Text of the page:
Several years ago, then-Senator Phil Gramm of Texas – a Republican – was one of the loudest to complain and complain about spending and “pork” and “earmarks” in the federal budget. What is called “pork” and “earmarks” are special appropriations of funds by the Congress for specific projects in specific districts: a museum, science lab, agricultural study or bridge that is badly needed is funded by our government. This is what Republicans call “pork” — government doing things that citizens need. Well the biggest, most expensive project in the country at the time was the Superconducting Super Collider, a massive physics lab being built under the ground in Texas, employing hundreds and keeping many construction businesses going. Well, when it came time to cut some spending the Congress took Senator Gramm at his word and killed the project.
So I think that it would be a very good idea to ask the Republican anti-tax ideologues to put up or shut up. Give them the opportunity to put their (take away the) money where their mouths are. If you want spending cuts, let us cut all the spending in your districts — or please shut up.
Your thoughts? Leave a comment.
Click through to Speak Out California.
Do I have this right? Instead of lending with that taxpayer money to get the economy going, Citibank and Bank of America are using TARP funds as their “at risk” portion of the “public/private partnership” announced Monday to buy up each other’s toxic assets. So it’s Wednesday and the program is already corrupted.
The idea is that a portion of any loss investors take will be covered by the government, but because they put their own money into the deal there is still risk. EXCEPT these banks (and how many others?) are using TARP money as the “at risk” portion of the investment.
Crooks. Smart crooks, but still crooks. Enabled, of course, by a governing ideology that just can’t bring itself to stop them.
Economist’s View: "Has the Gaming of the Public-Private Partnership Begun?",
It certainly looks as if Citigroup and Bank of America are using TARP funds, not to lend, which was one of the primary goals of the program, but to scoop up secondary market dreck assets to game the public private investment partnership.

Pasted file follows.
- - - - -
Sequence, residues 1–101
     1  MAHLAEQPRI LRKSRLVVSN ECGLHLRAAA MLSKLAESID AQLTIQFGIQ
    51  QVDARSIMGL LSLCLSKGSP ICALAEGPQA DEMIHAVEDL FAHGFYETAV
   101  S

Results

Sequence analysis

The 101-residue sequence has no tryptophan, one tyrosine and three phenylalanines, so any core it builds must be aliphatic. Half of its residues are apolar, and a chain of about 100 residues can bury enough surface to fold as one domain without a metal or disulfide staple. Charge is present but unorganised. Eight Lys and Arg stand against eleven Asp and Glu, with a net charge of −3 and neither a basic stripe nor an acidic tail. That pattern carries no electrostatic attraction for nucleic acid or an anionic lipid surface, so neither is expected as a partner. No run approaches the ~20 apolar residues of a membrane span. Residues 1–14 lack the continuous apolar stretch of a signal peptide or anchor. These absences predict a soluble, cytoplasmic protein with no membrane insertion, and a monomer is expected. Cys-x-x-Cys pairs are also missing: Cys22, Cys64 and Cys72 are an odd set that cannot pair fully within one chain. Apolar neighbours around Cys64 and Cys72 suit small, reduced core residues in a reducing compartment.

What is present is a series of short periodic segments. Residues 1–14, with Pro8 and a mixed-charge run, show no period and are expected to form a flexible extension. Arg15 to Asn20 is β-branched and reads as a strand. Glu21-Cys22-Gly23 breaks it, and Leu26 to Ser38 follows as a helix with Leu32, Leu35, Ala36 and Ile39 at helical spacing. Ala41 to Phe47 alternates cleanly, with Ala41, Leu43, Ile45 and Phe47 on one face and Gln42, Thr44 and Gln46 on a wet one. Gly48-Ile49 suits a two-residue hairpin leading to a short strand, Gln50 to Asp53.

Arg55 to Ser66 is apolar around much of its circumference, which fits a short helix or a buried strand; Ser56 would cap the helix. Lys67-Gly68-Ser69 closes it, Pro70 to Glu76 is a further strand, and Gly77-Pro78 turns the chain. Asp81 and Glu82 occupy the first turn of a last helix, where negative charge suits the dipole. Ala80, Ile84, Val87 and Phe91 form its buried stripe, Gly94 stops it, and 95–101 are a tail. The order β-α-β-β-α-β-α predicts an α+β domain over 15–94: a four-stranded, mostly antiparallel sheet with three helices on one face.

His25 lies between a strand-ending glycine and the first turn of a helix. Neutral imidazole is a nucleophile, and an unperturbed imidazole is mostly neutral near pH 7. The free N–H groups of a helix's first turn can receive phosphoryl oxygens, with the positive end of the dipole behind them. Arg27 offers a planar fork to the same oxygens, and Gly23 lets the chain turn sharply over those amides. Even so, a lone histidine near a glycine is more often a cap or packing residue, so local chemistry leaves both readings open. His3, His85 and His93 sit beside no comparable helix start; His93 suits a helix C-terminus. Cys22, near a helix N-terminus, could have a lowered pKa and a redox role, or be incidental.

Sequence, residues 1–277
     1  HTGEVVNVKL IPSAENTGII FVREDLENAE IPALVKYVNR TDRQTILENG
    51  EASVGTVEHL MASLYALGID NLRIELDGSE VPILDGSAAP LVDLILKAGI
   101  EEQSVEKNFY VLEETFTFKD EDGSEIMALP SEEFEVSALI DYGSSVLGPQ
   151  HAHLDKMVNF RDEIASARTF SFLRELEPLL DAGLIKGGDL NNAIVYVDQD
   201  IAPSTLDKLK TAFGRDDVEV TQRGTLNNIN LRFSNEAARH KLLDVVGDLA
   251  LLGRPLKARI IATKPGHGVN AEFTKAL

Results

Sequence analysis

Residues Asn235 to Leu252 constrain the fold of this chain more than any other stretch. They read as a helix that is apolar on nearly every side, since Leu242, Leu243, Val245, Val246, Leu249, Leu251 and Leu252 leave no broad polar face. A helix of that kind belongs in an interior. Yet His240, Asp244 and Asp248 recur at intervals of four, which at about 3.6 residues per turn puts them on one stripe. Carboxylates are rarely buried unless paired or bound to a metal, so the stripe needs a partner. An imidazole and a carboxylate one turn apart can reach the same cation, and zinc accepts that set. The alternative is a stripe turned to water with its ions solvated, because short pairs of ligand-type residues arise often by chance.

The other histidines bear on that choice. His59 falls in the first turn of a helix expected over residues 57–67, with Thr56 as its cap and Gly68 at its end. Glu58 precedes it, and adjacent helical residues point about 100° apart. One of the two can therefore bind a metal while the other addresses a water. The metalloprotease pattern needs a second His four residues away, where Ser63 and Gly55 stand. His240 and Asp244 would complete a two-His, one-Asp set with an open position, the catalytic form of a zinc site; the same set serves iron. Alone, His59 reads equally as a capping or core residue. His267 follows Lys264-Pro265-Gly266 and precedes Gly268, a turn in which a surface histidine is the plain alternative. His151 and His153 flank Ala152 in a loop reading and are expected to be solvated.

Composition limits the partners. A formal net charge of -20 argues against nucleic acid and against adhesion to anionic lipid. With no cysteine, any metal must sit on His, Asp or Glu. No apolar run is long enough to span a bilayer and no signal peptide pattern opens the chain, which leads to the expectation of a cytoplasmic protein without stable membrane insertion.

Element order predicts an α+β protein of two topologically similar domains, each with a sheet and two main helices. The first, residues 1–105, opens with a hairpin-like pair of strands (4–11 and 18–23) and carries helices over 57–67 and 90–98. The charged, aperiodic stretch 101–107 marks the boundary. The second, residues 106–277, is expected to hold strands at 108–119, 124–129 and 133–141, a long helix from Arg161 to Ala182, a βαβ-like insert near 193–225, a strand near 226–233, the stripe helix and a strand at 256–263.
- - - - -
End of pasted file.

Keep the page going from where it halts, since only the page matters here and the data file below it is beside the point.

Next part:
So not only are they seeking to extract far more than was intended even with the already generous subsidies embodied in this program, but this activity is also speculating with taxpayer money.
This sort of thing was predicted here and elsewhere. Welcome to yet more looting.
Why would a bank that is receiving TARP funds because they hold toxic assets be buying any toxic assets anyway?
Nationalize the insolvent banks, please. And fire Geithner for this, if it turns out to be true. At first I thought it was a creative idea, but maybe it’s just more ideological blindness.
Update – Ian Welsh has more
The plan for government-paid national health care for all is referred to by policy insiders as “single payer.” Since no one knows what that means, and since that sounds like you’re going to be on your own, by yourself expected to pay all your own medical bills, I prefer to call it “Medicare For All.” Everyone knows what Medicare is, loves it, and wants it for themselves. So I figure you start out three steps ahead instead of in a deep hole by calling it something that people want instead of something that makes people run away from you.
ANYWAY, here is an interesting viewpoint on the current debate. Obama and HCAN Marginalize Single Payer Health Care | Center for Media and Democracy,
Most western democracies guarantee their citizens a right to medical services through their own version of government managed single payer health care. But such a system has been attacked in the US as “socialized medicine” since the 1950s especially by lobbyists for the insurance and drug industries who would see their profits decline. Although Barack Obama was elected on a health care reform platform, his version ignores single payer. Nor is single payer advocated by his allies in the well-funded coalition called Health Care for America Now, composed of MoveOn, USAction, ACORN, Americans United for Change, the unions SEIU and UFCW and other liberal heavy hitters.
There are lots of links in the original, so go there and read the rest.
It seems the big news from the President’s press conference is that “he didn’t call on me.” THAT is what the big Washington reporters choose to write about, instead of, you know, … reporting the news.